Resource Guide for Cybersecurity During the COVID-19 Pandemic
According to the results of the CSO Pandemic Impact Survey, 61% of the security and IT leader respondents are concerned about an increase in cyber-attacks targeting their employees who are working from home. They’re right to be concerned; according to the survey, 26% have seen an increase in the volume, severity, and/or scope of cyber-attacks since mid-March.
The Center for Internet Security's (CIS) Security Operations Center (SOC) has seen a marked increase in remote desktop protocol (RDP) exploitation, likely due to malicious attempts to exploit teleworking capabilities. There has also been a significant shift to using COVID-19 styled phishing and malspam campaigns.
This resource guide from CIS provides information about common cyber-attacks that are currently being reported. It also provides resources for improving cyber hygiene to enhance cyber defenses, both for organizations and their employees.
It's crucial to provide continuous support for remote employees. Don’t wait to provide guidance or reminders for cybersecurity. This guide contains actionable recommendations for your employees.
COVID-19 Related Cyber-Attacks
The Multi-State Information Sharing and Analysis Center (MS-ISAC) and Elections Infrastructure Information Sharing and Analysis Center (EI-ISAC) Security Operations Center (SOC) is seeing an increase in specific types of attacks. Most of these can be thwarted by sound cyber hygiene, including increased vigilance from employees. Here are the prominent scams our SOC is seeing, and quick tips to help your organization not become a victim.
- Phishing and Malspam – Remind employees to be cautious when opening emails about COVID-19, especially those from outside the organization. They should exercise caution when entering credentials into a website, linked from an email, text message, or social media account, or when downloading attachments.
- Learn more: A Short Guide for Spotting Phishing Attempts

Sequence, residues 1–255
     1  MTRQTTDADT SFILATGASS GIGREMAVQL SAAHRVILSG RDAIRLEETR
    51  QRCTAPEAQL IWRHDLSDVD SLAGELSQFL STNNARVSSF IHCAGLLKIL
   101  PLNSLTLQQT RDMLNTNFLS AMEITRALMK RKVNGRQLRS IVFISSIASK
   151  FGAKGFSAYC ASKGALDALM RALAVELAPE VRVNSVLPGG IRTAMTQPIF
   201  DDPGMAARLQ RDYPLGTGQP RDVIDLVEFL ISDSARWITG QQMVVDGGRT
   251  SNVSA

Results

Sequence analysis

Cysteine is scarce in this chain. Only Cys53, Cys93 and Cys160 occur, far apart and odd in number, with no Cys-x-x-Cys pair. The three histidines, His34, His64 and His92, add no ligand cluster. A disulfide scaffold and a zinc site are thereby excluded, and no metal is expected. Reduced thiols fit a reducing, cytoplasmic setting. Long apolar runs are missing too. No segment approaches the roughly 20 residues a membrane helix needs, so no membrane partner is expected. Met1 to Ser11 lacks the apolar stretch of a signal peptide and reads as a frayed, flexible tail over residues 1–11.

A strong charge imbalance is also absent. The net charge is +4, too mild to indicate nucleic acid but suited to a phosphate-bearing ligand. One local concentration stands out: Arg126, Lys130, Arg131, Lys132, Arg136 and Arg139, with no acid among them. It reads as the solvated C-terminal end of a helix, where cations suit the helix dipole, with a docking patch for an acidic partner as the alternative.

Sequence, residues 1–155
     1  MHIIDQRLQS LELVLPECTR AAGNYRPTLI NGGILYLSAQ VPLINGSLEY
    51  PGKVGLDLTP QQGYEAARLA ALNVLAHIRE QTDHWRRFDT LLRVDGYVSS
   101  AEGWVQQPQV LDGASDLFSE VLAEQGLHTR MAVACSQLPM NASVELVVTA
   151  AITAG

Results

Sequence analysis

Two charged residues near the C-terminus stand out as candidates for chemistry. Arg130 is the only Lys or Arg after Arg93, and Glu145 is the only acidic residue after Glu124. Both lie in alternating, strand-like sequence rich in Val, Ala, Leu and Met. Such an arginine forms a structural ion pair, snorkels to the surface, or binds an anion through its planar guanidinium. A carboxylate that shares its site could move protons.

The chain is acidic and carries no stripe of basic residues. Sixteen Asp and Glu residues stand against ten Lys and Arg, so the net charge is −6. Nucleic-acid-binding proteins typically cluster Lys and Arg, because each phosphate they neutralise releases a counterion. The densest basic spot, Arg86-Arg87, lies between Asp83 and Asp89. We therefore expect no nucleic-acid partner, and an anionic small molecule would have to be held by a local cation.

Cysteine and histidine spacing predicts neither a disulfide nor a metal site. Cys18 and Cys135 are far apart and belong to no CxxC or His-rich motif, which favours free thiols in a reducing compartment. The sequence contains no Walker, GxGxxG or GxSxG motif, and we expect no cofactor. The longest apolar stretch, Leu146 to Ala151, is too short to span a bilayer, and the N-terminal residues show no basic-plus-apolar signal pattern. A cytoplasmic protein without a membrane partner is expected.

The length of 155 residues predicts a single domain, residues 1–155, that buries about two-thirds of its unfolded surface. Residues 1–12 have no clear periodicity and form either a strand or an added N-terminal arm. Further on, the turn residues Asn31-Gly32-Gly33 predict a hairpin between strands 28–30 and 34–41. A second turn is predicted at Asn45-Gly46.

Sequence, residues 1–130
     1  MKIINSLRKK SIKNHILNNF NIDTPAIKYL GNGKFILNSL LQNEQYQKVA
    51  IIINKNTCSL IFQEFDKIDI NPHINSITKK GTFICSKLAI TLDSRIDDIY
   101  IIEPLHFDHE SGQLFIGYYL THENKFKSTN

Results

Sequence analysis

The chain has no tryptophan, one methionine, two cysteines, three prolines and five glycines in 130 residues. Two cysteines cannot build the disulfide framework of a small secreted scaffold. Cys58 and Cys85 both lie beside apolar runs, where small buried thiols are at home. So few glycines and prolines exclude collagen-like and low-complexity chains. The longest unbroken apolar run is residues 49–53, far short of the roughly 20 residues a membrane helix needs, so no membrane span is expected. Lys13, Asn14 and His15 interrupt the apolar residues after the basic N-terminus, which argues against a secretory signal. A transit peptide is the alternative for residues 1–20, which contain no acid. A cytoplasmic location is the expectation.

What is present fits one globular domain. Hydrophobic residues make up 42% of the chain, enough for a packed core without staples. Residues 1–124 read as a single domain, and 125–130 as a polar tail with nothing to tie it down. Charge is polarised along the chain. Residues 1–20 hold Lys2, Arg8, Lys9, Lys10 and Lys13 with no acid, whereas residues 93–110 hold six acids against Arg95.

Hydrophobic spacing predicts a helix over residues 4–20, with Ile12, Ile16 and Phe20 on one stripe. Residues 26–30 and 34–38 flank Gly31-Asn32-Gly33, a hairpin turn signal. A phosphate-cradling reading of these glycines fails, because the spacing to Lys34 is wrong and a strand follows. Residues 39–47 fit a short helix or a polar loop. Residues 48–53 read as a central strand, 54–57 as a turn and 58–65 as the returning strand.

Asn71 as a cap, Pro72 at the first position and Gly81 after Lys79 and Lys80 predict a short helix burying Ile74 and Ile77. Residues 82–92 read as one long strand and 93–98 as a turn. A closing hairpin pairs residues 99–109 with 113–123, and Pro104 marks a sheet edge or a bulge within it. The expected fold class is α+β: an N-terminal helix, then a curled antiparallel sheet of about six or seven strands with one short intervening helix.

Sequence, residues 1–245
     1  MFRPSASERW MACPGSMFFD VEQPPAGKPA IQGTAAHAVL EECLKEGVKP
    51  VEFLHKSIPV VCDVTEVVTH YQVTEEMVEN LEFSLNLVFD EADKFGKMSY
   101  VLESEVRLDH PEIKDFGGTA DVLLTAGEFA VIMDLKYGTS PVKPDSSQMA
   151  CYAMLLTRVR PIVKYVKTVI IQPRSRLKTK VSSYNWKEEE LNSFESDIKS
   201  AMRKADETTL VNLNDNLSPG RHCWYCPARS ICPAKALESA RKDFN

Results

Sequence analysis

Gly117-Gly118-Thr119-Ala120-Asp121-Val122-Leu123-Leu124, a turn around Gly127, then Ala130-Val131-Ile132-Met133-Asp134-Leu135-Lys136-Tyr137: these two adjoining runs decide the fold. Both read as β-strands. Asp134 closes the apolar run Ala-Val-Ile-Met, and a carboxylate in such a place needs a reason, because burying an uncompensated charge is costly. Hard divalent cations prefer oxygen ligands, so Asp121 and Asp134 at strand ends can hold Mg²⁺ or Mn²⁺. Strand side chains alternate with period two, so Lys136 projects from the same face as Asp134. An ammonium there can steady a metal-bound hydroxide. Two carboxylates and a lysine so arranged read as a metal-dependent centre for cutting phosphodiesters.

- Credential Stuffing – It may have been necessary to make services available to employees remotely, without the time to secure accounts through multi-factor authentication (MFA). Along with securing accounts with MFA, employees should make sure all passwords are secure, and should never reuse passwords on different accounts.
- Ransomware – In some cases it is possible malspam emails that start a ransomware infection will use a COVID-19 lure. While preventing ransomware attacks from being successful is the best outcome, being prepared with backups is the next best.
- Remote Desktop Protocol (RDP) Targeting – An increase in the number of employees connecting remotely means an increase in the number of systems with open RDP (port 3389) potentially being scanned. While your workforce needs to access systems remotely, limited and secure access by VPN can reduce the attack surface.
- Learn more: Security Primer – Remote Desktop Protocol
- Learn more: Intel Insights – How to Disable Remote Desktop Protocol
- Distributed Denial of Service (DDoS) Attacks – Downtime from an attack is even more detrimental with a remote workforce. A larger remote workforce can even act as an unintentional DDoS attack, simply because more users are trying to access services at the same time. To handle these possibilities, and to ensure you are protected against DDoS attacks, have increased bandwidth allocations ready, temporarily disable unused services to allow for more bandwidth, and discourage your employees from streaming videos, music, or other streaming services through the VPN.
Also, remind your employees to look out for malicious websites, apps, and non-cyber frauds.
- Learn more: What You Need to Know About COVID-19 Scams
Securing Business Networks for the New Normal
Organizations should implement CIS Controls Implementation Group 1 (IG1) in order to enhance cyber hygiene. These 43 actions are prescriptive and prioritized to help prevent many of the previously mentioned attacks. You can use the free CIS Controls Self Assessment Tool, CIS CSAT, to measure progress toward implementing the CIS Controls.
The following CIS Sub-Controls are particularly important in securing home IT environments:
- CIS Sub-Control 8.2: Ensure Anti-Malware Software and Signatures are Updated